Institutional investors are, for the most part, doing little in the way of dynamic asset allocation with their private market holdings in today’s environment, according to a new survey by Eaton Partners, a placement agent and fund advisory firm.
The majority, or 64%, of the 107 “top institutional investors” canvassed by Eaton said the market disruption will have no effect on their private market asset allocations, so they’ll largely stick to the script. Fifteen percent of respondents said they will increase their allocation to private markets and 21% are mitigating their allocations.
“While we do see LPs [limited partners] committing to GPs already in the process of underwriting, we also expect there will likely be a decrease in overall fundraising activity over the coming months,” noted Jeff Eaton, partner at Eaton Partners. “Private capital fundraising activity typically has lagged the public markets by two-quarters as denominator effect impacts and updated fund valuations take hold.”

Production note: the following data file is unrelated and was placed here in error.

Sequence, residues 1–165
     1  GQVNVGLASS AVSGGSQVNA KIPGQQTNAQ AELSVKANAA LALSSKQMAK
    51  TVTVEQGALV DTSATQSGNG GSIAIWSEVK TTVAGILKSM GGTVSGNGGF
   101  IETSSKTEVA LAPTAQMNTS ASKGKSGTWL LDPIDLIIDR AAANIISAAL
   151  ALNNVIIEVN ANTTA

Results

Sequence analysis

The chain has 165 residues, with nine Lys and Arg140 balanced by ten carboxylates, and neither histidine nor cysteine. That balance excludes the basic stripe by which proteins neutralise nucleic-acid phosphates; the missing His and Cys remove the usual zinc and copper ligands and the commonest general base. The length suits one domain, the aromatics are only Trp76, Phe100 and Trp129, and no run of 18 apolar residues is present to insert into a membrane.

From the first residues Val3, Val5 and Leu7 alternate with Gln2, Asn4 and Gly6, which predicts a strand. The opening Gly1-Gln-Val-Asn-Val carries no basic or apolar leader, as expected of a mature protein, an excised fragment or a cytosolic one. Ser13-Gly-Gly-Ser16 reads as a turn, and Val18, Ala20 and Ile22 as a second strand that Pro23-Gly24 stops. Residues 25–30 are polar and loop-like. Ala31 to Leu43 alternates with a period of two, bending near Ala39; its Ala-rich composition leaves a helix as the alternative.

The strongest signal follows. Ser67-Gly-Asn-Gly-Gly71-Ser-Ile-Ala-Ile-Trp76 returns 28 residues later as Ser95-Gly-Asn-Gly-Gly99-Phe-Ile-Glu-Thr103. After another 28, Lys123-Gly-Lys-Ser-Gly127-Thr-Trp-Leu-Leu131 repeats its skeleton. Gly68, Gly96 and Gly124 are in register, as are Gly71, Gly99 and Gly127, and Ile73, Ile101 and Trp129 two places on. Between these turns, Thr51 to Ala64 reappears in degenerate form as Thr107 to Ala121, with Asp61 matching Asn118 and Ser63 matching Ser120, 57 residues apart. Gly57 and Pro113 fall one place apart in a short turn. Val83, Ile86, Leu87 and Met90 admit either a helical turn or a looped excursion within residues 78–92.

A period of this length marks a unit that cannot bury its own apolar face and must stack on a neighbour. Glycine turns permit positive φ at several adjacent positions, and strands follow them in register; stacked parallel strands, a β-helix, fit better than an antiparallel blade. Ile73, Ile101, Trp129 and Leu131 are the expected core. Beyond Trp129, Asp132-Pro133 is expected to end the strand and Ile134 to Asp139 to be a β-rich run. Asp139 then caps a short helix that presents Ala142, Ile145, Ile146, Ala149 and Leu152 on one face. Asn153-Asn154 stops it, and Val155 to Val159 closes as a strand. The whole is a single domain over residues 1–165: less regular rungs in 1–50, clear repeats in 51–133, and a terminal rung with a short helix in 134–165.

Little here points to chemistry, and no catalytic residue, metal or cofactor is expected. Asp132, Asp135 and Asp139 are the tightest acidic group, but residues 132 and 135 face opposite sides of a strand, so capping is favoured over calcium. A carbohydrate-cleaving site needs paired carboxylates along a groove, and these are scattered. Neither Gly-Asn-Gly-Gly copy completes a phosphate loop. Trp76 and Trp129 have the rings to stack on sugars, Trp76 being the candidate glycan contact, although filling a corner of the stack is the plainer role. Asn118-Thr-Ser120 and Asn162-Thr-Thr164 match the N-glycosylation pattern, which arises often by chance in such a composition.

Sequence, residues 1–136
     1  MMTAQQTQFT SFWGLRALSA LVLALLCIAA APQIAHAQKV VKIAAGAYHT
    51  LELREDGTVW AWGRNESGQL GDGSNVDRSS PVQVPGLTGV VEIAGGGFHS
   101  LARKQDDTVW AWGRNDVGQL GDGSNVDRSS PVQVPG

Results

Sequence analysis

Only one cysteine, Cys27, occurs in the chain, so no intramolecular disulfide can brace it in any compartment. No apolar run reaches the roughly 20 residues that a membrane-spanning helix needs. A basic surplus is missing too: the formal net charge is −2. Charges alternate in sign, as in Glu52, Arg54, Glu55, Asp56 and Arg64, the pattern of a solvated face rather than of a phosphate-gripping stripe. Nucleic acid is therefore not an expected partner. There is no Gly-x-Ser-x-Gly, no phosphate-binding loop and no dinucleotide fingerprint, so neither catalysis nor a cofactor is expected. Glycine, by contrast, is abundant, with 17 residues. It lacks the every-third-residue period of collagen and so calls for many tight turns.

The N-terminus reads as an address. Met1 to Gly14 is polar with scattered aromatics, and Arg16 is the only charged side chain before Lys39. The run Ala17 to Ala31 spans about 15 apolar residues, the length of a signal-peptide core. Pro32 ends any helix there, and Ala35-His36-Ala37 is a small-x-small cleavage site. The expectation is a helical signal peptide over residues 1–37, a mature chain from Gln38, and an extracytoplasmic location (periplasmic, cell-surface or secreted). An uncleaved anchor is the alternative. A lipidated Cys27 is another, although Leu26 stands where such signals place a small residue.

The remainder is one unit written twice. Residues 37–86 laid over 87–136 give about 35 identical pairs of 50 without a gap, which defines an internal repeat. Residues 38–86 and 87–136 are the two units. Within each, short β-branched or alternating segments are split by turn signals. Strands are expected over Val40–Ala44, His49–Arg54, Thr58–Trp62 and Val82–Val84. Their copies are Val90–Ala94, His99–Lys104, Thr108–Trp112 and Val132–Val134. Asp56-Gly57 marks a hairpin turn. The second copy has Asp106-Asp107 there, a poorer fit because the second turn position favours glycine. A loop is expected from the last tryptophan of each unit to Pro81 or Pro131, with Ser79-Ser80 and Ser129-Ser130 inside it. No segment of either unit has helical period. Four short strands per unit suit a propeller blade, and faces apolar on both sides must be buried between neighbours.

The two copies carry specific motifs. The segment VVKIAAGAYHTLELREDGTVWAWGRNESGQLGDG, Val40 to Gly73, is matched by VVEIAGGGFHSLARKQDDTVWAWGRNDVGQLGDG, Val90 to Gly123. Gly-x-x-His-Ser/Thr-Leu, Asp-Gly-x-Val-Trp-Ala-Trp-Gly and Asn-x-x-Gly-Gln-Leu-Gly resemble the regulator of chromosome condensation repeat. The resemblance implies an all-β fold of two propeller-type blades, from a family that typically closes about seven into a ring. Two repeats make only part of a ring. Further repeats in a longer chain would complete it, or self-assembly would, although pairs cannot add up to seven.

There could be some increased appetite for private equity fund managers with a 2018-2019 vintage who are looking to deploy capital. Once the markets settle down from the current volatility, vintage funds will be ideally placed to acquire portfolio companies at the bottom of the pricing curve.
On the short end of the stick are funds with a vintage year between 2012 and 2017, which are looking to divest their assets. About 60% of Eaton’s survey respondents expressed concern over how many private equity-backed companies will be able to receive financial support from the federal government’s stimulus packages.
These concerns may or may have not contributed to an apparent decline in interest in the sector. Eaton Partners found that the percentage of respondents who found private equity to be the most appealing alternative asset class fell 13 percentage points, from 52% in mid-March to 39% today.
Infrastructure took the lead with the most promise for diversification potential, grabbing the highest allocation of respondents (33%) who said they believe the asset class offers the strongest uncorrelated returns to public equity markets.